Former New Zealand captain Stephen Fleming was highly critical of Pakistan’s batting in the death overs, saying that they missed a trick and a score of 165 was easily possible on the track in Melbourne. Pakistan ended up making just 137 runs in 20 overs
Pakistani batters struggled in the death overs on Sunday (Courtesy: AP)
By India Today Web Desk: Former cricketer Stephen Fleming feels that Pakistan made a massive mistake in the last four overs of their innings of the T20 World Cup final against England.
Having been put into bat by Jos Buttler, Pakistan could only make 137 runs in their 20 overs. Babar Azam and his men were 121 runs for four in 16 overs and could only make 16 runs in the last four as the English bowlers applied the pressure.
Talking on Cricinfo’s T20 Time: Out, Fleming was critical of the Pakistani batting performance and said that a score of 165 could have been a really good challenge.
The former New Zealand captain went on to say that Pakistan missed a massive trick with their batting at the death and it could prove to be costly at the end.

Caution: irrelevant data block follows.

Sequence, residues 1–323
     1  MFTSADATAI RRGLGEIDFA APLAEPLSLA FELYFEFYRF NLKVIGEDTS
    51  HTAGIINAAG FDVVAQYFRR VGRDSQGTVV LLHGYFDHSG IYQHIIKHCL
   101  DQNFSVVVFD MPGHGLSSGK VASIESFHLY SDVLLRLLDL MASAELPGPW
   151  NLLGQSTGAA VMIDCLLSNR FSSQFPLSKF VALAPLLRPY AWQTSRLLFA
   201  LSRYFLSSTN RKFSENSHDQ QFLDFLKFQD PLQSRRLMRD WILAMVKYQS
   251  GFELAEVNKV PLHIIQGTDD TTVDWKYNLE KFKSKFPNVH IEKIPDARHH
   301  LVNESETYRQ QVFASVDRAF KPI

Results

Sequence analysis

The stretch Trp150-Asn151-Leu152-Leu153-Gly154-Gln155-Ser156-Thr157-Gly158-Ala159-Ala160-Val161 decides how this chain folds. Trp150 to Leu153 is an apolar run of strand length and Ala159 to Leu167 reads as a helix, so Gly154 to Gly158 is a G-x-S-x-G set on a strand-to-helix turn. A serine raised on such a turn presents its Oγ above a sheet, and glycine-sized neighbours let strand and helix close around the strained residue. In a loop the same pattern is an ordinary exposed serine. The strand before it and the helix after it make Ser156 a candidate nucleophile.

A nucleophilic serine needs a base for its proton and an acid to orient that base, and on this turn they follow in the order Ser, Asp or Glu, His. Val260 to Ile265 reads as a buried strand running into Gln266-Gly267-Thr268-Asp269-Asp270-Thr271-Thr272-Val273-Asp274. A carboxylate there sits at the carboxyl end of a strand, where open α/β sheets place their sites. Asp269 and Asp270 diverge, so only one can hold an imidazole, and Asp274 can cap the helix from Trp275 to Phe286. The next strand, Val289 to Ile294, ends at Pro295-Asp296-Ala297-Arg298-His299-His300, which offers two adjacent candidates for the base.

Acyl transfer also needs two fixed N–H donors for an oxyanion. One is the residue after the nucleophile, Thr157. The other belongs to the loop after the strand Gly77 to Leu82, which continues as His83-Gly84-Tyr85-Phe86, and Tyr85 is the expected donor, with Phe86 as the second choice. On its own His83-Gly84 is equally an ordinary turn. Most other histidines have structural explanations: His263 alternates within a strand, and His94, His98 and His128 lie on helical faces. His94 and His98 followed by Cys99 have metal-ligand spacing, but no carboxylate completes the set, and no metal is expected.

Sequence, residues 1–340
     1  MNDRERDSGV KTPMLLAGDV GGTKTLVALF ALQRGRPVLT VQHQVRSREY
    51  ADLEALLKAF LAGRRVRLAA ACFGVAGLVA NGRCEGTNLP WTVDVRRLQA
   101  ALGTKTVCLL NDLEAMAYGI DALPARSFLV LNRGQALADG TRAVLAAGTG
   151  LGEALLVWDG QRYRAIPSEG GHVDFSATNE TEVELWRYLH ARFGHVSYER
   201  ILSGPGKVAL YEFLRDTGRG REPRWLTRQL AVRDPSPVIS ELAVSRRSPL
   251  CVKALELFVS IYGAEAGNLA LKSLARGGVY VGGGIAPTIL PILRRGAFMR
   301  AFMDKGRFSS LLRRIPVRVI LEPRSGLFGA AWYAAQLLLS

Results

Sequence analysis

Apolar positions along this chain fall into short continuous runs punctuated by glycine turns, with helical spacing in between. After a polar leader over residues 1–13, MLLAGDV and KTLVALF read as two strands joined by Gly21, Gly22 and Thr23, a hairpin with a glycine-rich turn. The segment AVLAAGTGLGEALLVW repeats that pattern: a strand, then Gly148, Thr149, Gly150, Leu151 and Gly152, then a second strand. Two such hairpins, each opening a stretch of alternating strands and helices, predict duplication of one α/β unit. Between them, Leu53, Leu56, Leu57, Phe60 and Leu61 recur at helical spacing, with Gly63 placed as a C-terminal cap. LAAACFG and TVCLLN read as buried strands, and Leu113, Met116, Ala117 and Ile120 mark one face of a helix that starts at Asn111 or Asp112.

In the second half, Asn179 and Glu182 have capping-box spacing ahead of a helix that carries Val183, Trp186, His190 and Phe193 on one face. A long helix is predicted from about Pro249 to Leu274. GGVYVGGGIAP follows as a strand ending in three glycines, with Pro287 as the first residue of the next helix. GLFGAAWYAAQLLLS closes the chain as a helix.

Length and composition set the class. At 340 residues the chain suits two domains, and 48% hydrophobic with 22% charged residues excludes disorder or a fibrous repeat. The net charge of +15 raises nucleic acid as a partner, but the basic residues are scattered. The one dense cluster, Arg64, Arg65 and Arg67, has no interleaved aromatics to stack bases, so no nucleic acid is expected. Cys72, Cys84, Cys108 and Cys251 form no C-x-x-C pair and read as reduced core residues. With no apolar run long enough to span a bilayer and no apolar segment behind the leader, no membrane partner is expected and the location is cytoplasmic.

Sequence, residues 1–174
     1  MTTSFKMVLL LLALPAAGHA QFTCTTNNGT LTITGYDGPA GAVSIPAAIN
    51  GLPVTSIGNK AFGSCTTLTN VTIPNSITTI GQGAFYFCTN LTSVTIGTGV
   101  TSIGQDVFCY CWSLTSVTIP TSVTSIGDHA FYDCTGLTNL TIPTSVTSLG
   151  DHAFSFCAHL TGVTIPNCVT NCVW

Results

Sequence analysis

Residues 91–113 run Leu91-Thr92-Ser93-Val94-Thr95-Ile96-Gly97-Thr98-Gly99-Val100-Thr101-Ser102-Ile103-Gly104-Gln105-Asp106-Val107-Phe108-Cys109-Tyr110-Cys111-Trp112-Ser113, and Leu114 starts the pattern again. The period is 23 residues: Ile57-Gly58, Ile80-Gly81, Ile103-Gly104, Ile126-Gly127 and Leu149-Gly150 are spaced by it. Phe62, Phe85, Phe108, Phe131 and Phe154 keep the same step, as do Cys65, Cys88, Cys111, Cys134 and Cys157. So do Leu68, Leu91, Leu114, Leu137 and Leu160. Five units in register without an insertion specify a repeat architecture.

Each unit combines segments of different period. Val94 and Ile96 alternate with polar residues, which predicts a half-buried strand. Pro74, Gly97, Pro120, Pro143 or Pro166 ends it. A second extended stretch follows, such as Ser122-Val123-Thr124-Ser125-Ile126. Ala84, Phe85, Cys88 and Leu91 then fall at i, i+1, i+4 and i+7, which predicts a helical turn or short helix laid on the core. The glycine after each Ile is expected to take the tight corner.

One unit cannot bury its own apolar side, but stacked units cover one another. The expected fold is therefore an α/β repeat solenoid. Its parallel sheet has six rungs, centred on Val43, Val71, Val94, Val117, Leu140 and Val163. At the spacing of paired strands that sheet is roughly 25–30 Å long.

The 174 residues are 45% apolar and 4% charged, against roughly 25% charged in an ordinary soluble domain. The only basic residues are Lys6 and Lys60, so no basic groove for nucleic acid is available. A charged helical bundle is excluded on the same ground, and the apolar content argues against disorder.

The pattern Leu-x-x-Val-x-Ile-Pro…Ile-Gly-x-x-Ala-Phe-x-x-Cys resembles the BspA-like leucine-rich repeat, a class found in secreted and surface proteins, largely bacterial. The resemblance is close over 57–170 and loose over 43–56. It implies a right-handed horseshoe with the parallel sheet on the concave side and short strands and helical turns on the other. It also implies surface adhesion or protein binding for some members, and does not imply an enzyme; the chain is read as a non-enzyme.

“Rashid bowled pretty well. I’m concentrating more on the fact that he played a part, but 121 for four in 16 overs is enough on that wicket to suggest that a 165 score is going to be a really good challenge. There was inconsistent bounce, there was a little bit of movement on offer and it was turning. That was the thing about Rashid that it was turning. He found the pace. So, as a unit we should be saying hey we got some artillery here. We know that if we get a score on the board here, we will be competitive. The fact that the last four overs went for 16 runs. I think that is a massive mistake. Four down, 121 runs. Even at ten, you get to 161, and, one good over, you’re up to 165, which I think is more than competitive from what we have seen, especially given the turn, which was unexpected and a little bit that is on offer for a quicker and more skillful pace attack. So yeah, there was a lot going on up to that point, but I think Pakistan has missed a massive trick here. Teams often go to the MSG and they think the traditional method will be to get to 16 overs and then we will whack ourselves 15 runs per over and we get a great score. The MCG is not that ground. If any research should be done, it is on how to finish off an innings. The ones and twos that were so good all the way through the innings disappeared and all of a sudden it was trying to hit out of the ground and over 85-meter boundaries and that just doesn’t work. Livingstone is just there to pick it off. So I reckon it wasn’t smart the last four overs and it could cost them. A score of 165 was easily there,” said Fleming.